the factor inputs cannot be kept uniform. But in some cases, it is possible that all factor inputs can be
changed in the same proportion and the output is studied when the input is doubled or tripled or increased
five-fold or ten-fold. An ordinary person may think that when the quantity of inputs is increased 10 times,
output will also go up by 10 times. But it may or may not happen as expected. It may be noted that when
the quantity of inputs are increased in the same proportion, the scale of output or returns to scale may be
either more than equal, equal or less than equal. Thus, when the scale of output is increased, we may get
increasing returns, constant returns or diminishing returns. When the quantity of all factor inputs are
increased in a given proportion and output increases more than proportionately, then the returns to scale
are said to be increasing; when the output increases in the same proportion, then the returns to scale are
said to be constant; when the output increases less than proportionately, then the returns to scale are said
to be diminishing.
Increasing returns to scale
Increasing returns to scale is said to operate when the producer is increasing the quantity of all factors
[scale] in a given proportion leading to a more than proportionate increase in output.

For example, when the quantity of all inputs are increased by 10%, and output increases by 15%, then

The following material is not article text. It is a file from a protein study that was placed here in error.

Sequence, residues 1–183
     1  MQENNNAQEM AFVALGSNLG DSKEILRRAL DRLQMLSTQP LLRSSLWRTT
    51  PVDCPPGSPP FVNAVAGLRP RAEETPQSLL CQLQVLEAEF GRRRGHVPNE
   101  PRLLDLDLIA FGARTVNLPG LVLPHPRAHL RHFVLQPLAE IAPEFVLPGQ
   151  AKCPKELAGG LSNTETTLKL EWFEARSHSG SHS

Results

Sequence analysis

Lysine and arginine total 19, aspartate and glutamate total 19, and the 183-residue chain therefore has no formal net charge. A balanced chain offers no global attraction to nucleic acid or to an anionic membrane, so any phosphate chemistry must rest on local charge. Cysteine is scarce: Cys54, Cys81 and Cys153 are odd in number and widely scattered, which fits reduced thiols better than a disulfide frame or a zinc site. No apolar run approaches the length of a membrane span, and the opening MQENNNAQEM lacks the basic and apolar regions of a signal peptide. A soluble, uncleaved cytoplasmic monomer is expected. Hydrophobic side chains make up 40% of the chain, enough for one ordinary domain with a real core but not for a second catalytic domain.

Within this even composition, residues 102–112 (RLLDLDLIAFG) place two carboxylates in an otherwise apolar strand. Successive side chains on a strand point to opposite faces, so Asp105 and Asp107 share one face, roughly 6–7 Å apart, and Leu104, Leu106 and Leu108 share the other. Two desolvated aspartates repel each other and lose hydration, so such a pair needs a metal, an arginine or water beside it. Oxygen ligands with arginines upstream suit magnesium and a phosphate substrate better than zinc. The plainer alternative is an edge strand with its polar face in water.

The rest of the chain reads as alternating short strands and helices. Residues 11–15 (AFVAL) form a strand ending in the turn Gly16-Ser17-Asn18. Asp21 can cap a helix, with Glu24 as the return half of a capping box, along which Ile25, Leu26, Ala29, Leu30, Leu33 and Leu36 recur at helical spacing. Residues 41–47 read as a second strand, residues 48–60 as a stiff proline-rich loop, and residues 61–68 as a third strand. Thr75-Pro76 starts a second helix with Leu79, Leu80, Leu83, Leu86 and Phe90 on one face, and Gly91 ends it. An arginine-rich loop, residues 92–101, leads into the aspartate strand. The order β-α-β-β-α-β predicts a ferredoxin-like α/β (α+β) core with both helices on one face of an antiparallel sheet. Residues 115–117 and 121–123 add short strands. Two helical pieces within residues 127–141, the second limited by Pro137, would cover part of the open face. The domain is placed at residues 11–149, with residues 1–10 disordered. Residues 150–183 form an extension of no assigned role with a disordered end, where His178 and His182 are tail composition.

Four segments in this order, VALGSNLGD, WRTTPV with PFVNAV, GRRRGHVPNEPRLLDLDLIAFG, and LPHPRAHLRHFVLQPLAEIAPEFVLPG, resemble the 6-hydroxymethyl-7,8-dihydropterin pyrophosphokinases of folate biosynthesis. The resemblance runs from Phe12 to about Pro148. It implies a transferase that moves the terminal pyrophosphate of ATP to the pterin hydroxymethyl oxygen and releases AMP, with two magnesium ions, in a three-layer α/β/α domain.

we say that increasing returns to scale is operating. In order to explain the operation of this law, an equal
product map has been drawn with the assumption that only two factors X and Y are required. Figure 5.9
depicts the operation of the law of increasing returns to scale. In the figure, Factor X is represented along
OX axis and factor Y is represented along OY axis. The scale line OP is a straight line passing through the
origin on the isoquant map indicating the increase in scale as we move upward. The scale line OP
represent different quantities of inputs where the proportion between factor X and factor Y is remains
constant. When the scale is increased from A to B, the return increases the output from 100 units to 200
units. The scale line OP passing through origin is called as the expansion path. Any line passing
through the origin will indicate the path of expansion or increase in scale with definite proportion
between the two factors. It is very clear that the increase in the quantities of factor X and Y [scale] is
small as we go up the scale and the output is larger. The distance between each isoquant curve is
progressively diminishing. It implies that in order to get an increase in output by another 100 units, a
producer is employing lesser quantities of inputs and his production cost is declining. Thus, the law of
increasing returns to scale is operating.